As they sift through their many problems these days, National Football League negotiators for both management and labor recognize two kinds of free agency.
There is the unconditional kind. Most Americans have that. They may live where they choose and if they are unhappy with their jobs, they are free to seek work elsewhere.
Then there is conditional free agency, which is sometimes awarded by sports leagues to older athletes, who can earn their freedom only by logging a specified number of years in the uniforms of the teams that signed or traded for them.
Both kinds of free-agent liberty are flatly opposed by the National Football League club owners responsible for management's position in the current dispute with the players.
They have been joined by most other owners in pro football, but not by all.
From their offices in Texas and Colorado this week, Lamar Hunt and Pat Bowlen, who own, respectively, the Kansas City Chiefs and the Denver Broncos, illustrated the range of NFL opinion on the subject.
Hunt, siding with management's negotiating committee, said: "Free agency wouldn't help the league in the long run."
Bowlen, who is opposed to unrestricted free agency, said that if the conditional variety comes up for realistic consideration, "I would look at it. I'm not as spooked on (freedom for veterans) as some people."
It never surprises Hunt to find at least 28 views on anything in a 28-team league.
"We have three (decision makers) on our club," he said, meaning President Jack Steadman, General Manager Jim Schaaf and owner Hunt. "And even on (free agency), we don't all feel exactly the same way."
The fact is that in their philosophic approach to football, some club owners are hard-liners, some are more moderate.
None of them will discuss it in detail, but there seems to be something of an NFL consensus on the following:
--The conspicuous hard-liners are the two most prominent members of the league's Management Council, the group that supervises the battle against the union. They are Hugh Culverhouse, president of the Tampa Bay Buccaneers, and Tex Schramm, president of the Dallas Cowboys.
--The moderates--who generally are moderate on some but not all issues--are the Rooneys of Pittsburgh, the Sullivans of New England, Art Modell of Cleveland, Al Davis of the Raiders and most of the league's newer owners: Bowlen in Denver, the Nordstroms of Seattle, the DeBartolos of San Francisco, Alex Spanos of San Diego and the so-called car dealers, Norman Braman of Philadelphia and Tom Benson of New Orleans.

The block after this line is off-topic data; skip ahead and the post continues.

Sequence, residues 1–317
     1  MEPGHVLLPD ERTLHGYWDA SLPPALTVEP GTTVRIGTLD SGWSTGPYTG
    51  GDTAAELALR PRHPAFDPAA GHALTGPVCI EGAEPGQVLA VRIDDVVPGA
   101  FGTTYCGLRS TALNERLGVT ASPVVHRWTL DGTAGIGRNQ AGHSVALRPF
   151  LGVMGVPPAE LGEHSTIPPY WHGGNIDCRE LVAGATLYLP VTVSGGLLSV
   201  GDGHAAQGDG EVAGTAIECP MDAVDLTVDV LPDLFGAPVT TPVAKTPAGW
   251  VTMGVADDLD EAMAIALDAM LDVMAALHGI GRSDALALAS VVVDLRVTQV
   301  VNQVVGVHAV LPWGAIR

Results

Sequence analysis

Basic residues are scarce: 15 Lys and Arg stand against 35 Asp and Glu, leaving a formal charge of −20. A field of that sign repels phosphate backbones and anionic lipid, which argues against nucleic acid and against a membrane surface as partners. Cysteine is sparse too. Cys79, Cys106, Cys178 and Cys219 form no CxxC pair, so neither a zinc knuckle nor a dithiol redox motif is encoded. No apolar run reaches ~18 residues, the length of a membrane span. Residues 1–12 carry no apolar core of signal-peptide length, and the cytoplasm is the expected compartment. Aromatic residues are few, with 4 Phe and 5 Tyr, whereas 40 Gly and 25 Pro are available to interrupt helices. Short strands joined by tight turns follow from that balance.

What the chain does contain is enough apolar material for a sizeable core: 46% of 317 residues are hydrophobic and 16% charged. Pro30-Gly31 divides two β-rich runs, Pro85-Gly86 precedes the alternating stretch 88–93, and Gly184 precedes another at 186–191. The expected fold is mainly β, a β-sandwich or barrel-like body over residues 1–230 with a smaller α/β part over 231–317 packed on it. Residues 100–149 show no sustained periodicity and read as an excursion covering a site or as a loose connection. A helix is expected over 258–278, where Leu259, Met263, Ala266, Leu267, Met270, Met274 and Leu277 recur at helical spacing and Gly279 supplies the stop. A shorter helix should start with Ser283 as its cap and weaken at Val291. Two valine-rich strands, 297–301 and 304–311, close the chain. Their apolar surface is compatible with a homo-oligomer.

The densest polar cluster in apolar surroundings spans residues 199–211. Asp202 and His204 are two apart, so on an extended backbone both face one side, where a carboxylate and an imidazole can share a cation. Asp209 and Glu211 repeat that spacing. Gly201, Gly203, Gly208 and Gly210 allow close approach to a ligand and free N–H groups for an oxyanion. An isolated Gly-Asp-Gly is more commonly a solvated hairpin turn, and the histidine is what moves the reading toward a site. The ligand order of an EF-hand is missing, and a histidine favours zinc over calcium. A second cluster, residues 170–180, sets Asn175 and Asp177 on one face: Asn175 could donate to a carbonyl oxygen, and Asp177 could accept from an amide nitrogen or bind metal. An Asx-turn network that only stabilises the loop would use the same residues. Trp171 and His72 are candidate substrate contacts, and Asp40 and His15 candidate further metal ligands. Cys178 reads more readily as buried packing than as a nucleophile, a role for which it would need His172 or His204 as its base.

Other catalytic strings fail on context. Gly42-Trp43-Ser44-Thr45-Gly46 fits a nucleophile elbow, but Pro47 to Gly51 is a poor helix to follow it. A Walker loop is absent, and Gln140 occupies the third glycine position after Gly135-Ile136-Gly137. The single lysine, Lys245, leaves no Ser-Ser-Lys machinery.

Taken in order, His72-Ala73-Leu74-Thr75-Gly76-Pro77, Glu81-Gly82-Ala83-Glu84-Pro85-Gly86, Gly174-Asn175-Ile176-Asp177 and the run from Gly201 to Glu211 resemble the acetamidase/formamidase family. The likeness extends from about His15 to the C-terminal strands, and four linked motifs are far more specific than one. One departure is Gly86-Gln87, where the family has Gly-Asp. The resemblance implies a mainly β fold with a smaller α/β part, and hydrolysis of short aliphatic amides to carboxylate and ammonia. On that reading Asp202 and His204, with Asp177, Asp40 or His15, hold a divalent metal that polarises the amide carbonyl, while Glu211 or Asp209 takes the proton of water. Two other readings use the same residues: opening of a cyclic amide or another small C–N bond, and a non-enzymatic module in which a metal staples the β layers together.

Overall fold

"Car dealers are always deal makers," the players' counsel, Dick Berthelsen, said, expressing a wish that the league's negotiating team could be widened.
On free agency, though, at least in Modell's opinion, it wouldn't help the union if the negotiating team were widened to all 28 franchises. "If we voted today, it would be 28-0 against," he said.
On other issues, the owner of the Cleveland Browns finds it difficult to divide the NFL into left and right.
"As I have said many times, (NFL owners) are Republicans who vote socialistic," Modell said. "The 28 clubs split all (material resources) equally--TV money, assessments, even the gate. It's 60-40 for all at home, 40-60 on the road."
If on some issues the NFL does occasionally divide into Republicans and Socialists, their feet are often planted in shifting sands.
Thus in Pittsburgh, for example, Steeler President Dan Rooney is remembered as the whiz who ended the last NFL strike five years ago. But he lives in a city where some people blame the collapse of the Pittsburgh Pirates on baseball's free agency. So, this year, the Rooney family is fighting against free agency for the NFL.
Several questions remain.
In a league whose many overtime owners' meetings suggest that there are often disagreements, who, finally, sets NFL labor policy?
Who directs the league's chief negotiator, Jack Donlan? How, exactly, does NFL policy work its way down to Donlan, the man who confronts the union at the bargaining table?
The outline of pro football's chain of command is visible through the smoke of battle. It extends down from the owners through the Management Council and the council's executive committee to Donlan.
NFL policy is set by the owners when they convene in executive session, as they do several times a year. Each team is limited to representation by one person with one vote--usually the owner or his most trusted subordinate.
On labor issues, club sources say, the NFL's old guard has had the strongest voice for many years, taking the initiative to get what is always a hard-line policy approach to the players.
The younger owners support much of this policy but are often more willing to negotiate. Pro football is a strange industry because of the differences in franchise investment. Early owners got in for $500 or less. Others have paid $50 million or more.